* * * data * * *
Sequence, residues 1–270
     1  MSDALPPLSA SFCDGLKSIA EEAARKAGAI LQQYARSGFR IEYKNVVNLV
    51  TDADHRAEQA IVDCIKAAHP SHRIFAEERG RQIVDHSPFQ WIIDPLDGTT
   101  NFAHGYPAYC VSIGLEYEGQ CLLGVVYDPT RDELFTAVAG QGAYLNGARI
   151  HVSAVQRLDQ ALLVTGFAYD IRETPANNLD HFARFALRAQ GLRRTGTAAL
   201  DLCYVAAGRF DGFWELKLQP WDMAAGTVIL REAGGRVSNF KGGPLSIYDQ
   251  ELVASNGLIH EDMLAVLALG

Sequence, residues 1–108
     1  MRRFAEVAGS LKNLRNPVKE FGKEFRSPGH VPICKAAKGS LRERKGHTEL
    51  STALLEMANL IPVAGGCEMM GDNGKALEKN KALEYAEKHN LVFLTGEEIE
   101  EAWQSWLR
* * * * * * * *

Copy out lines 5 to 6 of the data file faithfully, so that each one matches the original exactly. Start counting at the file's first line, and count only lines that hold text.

   151  HVSAVQRLDQ ALLVTGFAYD IRETPANNLD HFARFALRAQ GLRRTGTAAL
   201  DLCYVAAGRF DGFWELKLQP WDMAAGTVIL REAGGRVSNF KGGPLSIYDQ